Your article discussing the pilothouse design struck a chord here. This design is very popular in Europe and the Mediterranean. For two years I researched, investigated, and crawled through pilothouse designed sailboats. We encountered a Pearson 365 in Fall River that we bid on and nearly came to own. We passed on an LM 28 in San Diego. There are five serious vessels Rob Mazza missed: one is the Danish LM 28, another is the LM 30, the third and fourth are the Crealock-designed Pacific Seacraft 32PH and 40PH, and fifth is the Crealock-designed Cabo Rico 42. The LM 30 and 28 were manufactured by a Danish furniture manufacturer and feature exquisite teak interiors. Alas, when we were searching there were only two LMs available in North America, one in San Diego and the other in northern Michigan. The Nauticat vessels, also European, were too expensive for us and seemed to be less sailer and more motor. In 2011, we purchased a 1993 Pacific Seacraft 32PH. In the 1980s to early 1990s Pacific Seacraft expressed their interest in the pilothouse design, but after making 18 of them they decided to spend more time making sailboats.
–Gerald Levinson

Rob responds
Gerald, thanks for your letter. The article was not a survey of all pilothouse configurations ever built, but a study of the pilothouse concept with some examples to illustrate the concept. Also, models not generally available in North America would certainly be of less interest. An interesting sidelight, by the way, is that the little Danish boatbuilder, LM, went on to become the largest builder of wind turbine blades in the world.
–Rob Mazza

Litter jugs

Any boater with a solid-fuel cabin heater might be interested to know that the flat white plastic jug with the wide cap in which a wide variety of cat litter is sold makes a pretty nice container for charcoal briquettes. It allows the briquettes to be dispensed one at a time, retains the powdery mess in the jug, is relatively crush- and waterproof, and the flat rectangular shape will fit behind/below/inside many settees and cockpit lockers. It’s good for beach BBQs and dink transport as well.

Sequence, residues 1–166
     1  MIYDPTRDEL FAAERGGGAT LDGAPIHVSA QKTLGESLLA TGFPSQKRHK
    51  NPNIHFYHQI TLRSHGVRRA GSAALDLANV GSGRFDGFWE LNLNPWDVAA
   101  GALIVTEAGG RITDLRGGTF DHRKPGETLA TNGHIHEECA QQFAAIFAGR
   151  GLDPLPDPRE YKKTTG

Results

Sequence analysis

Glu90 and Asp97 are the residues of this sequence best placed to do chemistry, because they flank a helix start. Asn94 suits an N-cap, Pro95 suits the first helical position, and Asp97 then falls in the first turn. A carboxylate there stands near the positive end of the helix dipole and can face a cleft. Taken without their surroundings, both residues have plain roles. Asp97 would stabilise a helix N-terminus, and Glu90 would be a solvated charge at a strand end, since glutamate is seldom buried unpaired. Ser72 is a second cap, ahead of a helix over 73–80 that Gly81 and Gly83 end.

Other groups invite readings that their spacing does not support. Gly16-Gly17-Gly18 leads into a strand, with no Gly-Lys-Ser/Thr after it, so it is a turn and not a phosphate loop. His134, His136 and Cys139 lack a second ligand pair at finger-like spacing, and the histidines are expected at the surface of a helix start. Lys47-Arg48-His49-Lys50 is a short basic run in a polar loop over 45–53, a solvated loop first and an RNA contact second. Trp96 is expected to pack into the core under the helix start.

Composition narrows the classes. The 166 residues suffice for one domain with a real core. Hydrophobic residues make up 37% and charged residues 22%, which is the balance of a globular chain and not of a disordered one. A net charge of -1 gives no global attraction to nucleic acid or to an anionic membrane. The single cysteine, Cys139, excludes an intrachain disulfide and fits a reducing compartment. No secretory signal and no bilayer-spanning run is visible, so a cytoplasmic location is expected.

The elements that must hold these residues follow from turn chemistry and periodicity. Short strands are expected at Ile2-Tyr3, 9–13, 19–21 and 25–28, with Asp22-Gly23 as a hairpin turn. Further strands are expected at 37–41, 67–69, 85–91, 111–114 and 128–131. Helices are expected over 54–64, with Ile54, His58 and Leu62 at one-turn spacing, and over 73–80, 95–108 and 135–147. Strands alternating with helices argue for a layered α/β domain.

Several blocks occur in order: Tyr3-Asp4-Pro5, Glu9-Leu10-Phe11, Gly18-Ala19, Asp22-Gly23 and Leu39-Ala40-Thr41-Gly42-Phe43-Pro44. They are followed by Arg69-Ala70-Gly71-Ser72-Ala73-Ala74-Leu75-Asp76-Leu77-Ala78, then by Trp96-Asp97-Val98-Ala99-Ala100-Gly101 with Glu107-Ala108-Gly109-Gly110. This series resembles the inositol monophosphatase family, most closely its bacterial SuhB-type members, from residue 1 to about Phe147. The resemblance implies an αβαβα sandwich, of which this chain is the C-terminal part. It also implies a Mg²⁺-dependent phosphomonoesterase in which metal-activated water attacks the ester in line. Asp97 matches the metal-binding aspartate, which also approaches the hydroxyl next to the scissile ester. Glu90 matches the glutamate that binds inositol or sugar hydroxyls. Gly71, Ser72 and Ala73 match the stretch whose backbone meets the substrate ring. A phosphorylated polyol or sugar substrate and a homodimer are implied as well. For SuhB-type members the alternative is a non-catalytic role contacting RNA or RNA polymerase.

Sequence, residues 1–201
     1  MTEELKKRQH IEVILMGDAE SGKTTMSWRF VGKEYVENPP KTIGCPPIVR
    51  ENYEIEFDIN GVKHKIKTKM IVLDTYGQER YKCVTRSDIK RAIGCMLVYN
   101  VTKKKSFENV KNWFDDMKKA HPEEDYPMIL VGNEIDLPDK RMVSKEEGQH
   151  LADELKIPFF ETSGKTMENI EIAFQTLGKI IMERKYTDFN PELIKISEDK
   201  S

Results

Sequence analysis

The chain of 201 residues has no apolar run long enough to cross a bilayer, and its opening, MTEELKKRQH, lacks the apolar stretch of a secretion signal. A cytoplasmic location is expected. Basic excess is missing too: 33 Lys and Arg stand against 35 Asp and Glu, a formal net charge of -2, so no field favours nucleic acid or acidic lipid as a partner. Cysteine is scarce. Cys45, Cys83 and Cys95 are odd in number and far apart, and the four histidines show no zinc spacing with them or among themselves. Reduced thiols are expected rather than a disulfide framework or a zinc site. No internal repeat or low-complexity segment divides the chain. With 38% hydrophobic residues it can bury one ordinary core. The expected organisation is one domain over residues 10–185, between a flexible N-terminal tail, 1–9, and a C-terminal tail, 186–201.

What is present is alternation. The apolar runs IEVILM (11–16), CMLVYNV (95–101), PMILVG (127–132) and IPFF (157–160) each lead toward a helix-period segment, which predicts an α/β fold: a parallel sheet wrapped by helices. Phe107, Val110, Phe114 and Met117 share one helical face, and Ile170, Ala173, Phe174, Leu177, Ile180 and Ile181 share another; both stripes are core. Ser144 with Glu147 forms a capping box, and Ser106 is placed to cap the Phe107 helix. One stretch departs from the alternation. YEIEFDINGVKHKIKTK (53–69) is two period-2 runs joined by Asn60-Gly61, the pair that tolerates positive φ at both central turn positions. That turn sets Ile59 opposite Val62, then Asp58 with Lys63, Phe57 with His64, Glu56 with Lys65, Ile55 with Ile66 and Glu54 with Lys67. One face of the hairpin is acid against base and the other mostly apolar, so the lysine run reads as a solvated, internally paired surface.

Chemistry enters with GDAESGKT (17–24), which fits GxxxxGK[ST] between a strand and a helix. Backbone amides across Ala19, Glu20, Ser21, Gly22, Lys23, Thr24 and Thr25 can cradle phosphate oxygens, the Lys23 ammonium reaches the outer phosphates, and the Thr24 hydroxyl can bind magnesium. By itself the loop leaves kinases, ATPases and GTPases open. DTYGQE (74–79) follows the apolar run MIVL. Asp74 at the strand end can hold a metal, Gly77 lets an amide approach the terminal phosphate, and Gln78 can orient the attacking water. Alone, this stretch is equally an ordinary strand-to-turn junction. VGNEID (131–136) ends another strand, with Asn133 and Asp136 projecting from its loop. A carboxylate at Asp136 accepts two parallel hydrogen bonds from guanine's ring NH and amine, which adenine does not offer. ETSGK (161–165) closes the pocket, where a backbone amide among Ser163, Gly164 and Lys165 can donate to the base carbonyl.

–William Witherup

Odorlos suggestion

Glyn Judson mentioned in the August 2013 newsletter that he used Odorlos at about 1 ounce per 10 gallons of tank capacity to help keep his head system odor-free. I want to suggest a slightly different way to use the product. Sailors with holding tanks usually don’t have the capacity to allow them to flush waste all the way to the tank with each use, which leaves waste sitting in the waste hose. This can quickly contribute to odor issues since the Odorlos treatment is in the tank, not the hose. But if you add some Odorlos to the bowl with each “deposit,” it does a remarkable job of keeping all the odors in check. Just keep a bottle in the head and add a capful, about one-half ounce to one ounce with each use. It adds perhaps a dollar or two per day to your cruising costs, but the result is well worth it.
–Steve Christensen

Swing-out arm for iPad ( September 2013 issue )

I purchased a “Bad Elf” GPS receiver that plugs directly into the iPad so that once I open the apps either “isailGPS” or “NaviPad" appear.” I have GPS marine navigation using the charts installed. The “Bad Elf” is about 1-inch square and costs $81.00 on Amazon. “Bad Elf” offers full navigation, tracking, route memories, etc., plus one is viewing it on an 8-inch screen.
–Gary Gerber

A hitchhiker on a good old boat

Recently, Michael and Patty Facius attracted a hitchhiker during their Lake Superior cruise. The best guess is it’s a Blackpoll Warbler.


What critters have you attracted during your cruises? Tell us about them. Better yet, send stories and photos to Michael@goodoldboat.com.


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How to contact us

You can find all of the details on how to contact us on our website.